Giving peace a chance

Stabroek News
July 26, 2001

Kudos to the United Nations Association of Guyana! A group of volunteers, operating under its auspices, has begun conciliating and mediating in family and community disputes with a view to resolving these conflicts without the involvement of the police or the courts.

The peace counsellors have been trained in conflict prevention, management and resolution and are now geared to perform peace-making and peace-building tasks. Reminiscent of the days of old when respected village elders mediated in domestic and community disputes, these peace counsellors could be approached to resolve conflicts which would arise in the home; between neighbours; landlord and tenant; employer and employee; and as a result of race and noise nuisances, among other things.

Once their services are sought, the peace counsellors will initiate dialogue with both parties separately and together with a view to arriving at an amicable solution. If the first mediation effort fails, the counsellor involved can seek the particular (legal or other) skills of another counsellor within the group. Every effort will be exerted to ensure that calling in the police or involving litigators is avoided.

Some 30 counsellors are available in the city at present and the group will shortly be expanded to cover all ten regions of Guyana.

To publicize the service, sign boards are to be erected outside mediators' homes or places of business. Mediators will also be issued personal photo identification cards.

Public Relations Officer of the group, Herman Bholaisingh, truly recognises the magnitude of what the group could accomplish. As an officer with the Impact Base at the Brickdam Police Station, he has responded to numerous calls, which he recognised as not having required police intervention. He opined that many crimes of a violent nature could perhaps have been averted had this option been available.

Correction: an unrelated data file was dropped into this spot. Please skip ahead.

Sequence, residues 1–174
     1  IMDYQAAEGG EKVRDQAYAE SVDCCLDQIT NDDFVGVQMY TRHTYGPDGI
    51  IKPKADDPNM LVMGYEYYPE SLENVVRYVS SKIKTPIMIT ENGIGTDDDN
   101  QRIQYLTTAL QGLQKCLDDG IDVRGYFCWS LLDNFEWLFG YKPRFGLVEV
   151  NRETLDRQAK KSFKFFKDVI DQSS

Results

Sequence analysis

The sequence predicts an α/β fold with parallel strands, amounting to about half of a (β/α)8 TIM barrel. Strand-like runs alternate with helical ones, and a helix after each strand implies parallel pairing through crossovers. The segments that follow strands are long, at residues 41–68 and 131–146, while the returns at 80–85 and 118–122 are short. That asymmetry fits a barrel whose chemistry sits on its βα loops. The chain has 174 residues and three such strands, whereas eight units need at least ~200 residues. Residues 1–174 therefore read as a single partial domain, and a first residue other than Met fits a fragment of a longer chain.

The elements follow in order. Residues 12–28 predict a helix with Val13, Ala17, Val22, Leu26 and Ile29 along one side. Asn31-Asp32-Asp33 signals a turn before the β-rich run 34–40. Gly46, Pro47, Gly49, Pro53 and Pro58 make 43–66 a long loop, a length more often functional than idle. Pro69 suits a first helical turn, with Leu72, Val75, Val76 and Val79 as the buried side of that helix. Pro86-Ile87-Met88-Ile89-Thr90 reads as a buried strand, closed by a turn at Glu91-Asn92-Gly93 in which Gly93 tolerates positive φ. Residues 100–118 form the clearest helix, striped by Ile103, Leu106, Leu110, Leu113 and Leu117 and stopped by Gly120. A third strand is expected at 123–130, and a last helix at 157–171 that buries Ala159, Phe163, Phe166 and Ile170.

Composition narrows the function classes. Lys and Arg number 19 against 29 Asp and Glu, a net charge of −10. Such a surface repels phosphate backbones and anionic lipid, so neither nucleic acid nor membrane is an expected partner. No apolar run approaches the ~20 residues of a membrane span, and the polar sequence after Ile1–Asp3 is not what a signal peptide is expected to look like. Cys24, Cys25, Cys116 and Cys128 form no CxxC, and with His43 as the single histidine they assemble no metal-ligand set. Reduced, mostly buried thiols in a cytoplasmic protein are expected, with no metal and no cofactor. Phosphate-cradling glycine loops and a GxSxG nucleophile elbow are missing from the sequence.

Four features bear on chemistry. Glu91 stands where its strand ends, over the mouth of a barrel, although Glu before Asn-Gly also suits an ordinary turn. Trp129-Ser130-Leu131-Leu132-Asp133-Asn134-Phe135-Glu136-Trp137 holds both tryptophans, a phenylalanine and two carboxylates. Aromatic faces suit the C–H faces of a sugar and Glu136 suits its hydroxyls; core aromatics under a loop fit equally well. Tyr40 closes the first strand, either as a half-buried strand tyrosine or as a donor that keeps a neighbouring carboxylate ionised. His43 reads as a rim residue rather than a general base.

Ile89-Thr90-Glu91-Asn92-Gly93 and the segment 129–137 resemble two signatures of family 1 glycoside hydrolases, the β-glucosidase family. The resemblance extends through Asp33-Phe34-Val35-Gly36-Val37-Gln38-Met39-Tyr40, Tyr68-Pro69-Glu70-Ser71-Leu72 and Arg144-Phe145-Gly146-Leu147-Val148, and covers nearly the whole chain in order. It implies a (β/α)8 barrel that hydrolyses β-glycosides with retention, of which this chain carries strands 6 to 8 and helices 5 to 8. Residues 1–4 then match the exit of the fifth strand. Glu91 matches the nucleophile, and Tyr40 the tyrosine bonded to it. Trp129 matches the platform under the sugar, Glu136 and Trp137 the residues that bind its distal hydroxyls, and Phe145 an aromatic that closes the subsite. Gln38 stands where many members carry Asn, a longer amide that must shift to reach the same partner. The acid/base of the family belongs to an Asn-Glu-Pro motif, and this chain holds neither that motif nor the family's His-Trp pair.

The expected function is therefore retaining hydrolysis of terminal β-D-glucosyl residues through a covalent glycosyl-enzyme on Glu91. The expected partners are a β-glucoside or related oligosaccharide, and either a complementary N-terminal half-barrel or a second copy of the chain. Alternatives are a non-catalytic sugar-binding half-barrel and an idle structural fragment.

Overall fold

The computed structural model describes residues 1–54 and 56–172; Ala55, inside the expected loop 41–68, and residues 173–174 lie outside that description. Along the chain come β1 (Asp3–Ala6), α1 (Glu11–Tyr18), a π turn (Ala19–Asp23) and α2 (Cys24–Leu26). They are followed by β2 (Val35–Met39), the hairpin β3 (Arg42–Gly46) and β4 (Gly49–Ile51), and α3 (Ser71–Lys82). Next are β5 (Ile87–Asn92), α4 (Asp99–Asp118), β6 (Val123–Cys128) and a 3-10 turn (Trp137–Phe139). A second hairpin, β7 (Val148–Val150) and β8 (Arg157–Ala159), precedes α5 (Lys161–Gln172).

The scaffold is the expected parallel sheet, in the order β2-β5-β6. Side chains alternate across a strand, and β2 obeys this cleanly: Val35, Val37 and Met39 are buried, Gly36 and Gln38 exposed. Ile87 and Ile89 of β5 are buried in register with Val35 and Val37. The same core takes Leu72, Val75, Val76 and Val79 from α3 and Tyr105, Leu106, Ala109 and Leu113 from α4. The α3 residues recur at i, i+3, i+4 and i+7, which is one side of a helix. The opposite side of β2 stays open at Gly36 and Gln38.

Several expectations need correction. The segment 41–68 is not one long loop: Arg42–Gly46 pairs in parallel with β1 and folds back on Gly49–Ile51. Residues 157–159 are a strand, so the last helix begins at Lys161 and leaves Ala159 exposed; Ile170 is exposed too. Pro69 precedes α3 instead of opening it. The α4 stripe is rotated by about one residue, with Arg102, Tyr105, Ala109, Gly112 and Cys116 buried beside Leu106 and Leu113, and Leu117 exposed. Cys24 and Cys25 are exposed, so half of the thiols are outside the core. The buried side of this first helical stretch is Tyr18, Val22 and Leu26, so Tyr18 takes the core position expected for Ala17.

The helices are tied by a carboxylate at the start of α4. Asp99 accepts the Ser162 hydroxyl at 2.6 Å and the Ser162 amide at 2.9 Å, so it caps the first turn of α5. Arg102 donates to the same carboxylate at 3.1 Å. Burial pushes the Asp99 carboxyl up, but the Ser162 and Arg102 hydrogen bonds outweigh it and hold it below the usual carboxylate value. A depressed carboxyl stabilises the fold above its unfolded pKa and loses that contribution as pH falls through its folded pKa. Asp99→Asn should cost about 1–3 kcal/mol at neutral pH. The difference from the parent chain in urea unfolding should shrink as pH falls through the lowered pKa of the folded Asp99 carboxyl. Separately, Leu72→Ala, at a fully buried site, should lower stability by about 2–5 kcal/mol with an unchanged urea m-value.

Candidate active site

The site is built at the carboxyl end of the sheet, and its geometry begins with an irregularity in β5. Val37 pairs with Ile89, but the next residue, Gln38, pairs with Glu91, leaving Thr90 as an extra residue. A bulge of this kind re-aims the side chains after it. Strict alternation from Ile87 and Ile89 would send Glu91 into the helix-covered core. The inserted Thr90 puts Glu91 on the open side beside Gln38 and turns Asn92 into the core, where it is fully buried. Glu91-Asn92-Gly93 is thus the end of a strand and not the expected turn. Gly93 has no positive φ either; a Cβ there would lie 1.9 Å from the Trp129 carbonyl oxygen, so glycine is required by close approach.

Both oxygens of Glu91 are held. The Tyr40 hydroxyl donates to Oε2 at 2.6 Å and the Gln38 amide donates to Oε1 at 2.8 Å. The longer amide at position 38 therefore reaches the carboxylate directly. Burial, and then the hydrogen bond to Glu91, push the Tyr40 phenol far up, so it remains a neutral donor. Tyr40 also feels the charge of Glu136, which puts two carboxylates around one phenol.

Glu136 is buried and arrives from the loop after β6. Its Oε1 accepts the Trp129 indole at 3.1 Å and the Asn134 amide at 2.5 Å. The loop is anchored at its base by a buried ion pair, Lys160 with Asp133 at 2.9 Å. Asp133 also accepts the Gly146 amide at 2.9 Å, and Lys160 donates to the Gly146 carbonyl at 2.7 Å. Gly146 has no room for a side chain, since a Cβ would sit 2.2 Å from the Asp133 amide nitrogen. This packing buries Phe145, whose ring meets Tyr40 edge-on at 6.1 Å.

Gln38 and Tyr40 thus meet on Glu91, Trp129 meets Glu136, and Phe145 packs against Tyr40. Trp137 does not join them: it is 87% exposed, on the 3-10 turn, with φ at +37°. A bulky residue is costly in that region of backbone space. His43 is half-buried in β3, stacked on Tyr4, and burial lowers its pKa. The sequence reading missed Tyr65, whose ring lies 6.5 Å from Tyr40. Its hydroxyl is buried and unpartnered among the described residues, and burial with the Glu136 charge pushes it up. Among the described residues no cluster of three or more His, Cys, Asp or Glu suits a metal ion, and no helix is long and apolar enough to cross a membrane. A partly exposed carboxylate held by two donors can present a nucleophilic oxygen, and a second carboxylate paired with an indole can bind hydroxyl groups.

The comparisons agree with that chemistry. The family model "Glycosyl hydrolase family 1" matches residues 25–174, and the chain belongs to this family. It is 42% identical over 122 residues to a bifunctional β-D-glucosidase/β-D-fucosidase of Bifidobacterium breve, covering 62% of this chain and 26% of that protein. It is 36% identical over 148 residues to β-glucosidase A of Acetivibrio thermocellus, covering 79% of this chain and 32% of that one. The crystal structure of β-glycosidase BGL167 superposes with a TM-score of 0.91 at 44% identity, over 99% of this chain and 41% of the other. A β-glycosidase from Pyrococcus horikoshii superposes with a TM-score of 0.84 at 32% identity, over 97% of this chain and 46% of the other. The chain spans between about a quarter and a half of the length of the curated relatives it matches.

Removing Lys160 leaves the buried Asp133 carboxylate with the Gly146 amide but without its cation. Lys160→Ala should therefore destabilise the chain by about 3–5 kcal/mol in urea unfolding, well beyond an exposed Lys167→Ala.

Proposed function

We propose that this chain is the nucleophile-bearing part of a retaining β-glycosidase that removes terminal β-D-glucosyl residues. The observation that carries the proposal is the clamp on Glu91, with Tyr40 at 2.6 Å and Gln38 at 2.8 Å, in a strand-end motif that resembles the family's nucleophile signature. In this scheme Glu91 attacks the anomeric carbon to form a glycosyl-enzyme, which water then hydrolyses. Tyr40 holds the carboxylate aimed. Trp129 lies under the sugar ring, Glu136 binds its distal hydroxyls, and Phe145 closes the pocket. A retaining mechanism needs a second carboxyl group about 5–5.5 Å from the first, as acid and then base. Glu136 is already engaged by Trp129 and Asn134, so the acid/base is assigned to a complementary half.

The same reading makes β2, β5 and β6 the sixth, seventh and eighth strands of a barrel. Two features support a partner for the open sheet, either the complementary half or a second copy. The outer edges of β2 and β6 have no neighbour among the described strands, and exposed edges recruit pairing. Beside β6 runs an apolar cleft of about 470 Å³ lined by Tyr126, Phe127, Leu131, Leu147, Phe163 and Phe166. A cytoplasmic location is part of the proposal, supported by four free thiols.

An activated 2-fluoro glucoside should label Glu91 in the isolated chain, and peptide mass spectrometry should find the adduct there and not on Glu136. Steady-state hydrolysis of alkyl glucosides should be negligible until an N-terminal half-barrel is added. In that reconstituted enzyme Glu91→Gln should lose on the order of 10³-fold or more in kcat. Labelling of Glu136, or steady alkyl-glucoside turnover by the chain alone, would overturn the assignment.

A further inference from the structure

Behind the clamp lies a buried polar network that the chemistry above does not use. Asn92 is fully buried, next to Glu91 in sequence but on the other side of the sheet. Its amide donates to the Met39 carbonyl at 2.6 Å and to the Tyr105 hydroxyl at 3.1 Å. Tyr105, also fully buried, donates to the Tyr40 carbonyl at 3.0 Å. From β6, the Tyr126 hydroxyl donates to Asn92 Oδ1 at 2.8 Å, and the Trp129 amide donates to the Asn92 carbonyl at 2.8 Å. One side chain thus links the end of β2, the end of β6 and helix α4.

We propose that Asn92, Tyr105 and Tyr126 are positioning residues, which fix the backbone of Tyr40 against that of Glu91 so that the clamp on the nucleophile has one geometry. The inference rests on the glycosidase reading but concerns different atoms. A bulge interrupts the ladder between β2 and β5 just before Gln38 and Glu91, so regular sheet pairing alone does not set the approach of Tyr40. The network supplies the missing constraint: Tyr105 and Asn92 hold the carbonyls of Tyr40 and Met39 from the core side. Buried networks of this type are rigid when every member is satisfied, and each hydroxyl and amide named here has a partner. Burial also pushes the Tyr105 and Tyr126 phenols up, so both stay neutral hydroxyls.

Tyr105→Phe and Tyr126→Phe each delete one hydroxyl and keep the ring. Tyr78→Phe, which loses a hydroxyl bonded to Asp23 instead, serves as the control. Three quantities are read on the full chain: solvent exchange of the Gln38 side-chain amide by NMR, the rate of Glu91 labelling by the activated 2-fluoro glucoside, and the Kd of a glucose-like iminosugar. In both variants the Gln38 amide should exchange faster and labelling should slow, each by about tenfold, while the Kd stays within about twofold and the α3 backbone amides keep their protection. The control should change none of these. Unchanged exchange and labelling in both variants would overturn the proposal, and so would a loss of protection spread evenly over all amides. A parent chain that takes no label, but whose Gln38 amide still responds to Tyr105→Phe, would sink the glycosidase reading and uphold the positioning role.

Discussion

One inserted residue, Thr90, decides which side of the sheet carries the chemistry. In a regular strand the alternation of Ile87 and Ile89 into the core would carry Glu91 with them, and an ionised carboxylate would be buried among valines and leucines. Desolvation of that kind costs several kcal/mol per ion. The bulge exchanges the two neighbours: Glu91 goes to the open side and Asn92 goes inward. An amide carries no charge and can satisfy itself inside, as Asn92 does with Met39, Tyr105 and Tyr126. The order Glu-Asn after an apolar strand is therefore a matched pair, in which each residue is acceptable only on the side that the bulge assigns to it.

This initiative is long overdue. Had these services been always available our prisons may not have been as overcrowded as they are and there may not have been such a backlog of cases in the judicial system. It must be embraced by the entire society and widely promulgated.

The names, numbers and contact address of mediators should be posted up in each community centre, hospital, church, school, health clinic - wherever people congregate. The police should be sensitised to this and be permitted to offer this option to persons who report noise nuisances and very minor infractions.

The media also has a role to play in getting the message over. Radio and television stations could publish the names of peace counsellors in the various areas as a public service announcement. Newspapers could do likewise. And as regards widening the scope of the mediation, respectable private citizens who have the time, must be encouraged to volunteer their services.

Having peace counsellors will not turn Guyana into a Utopia overnight, but it will go a long way towards helping in the healing that is so desperately needed.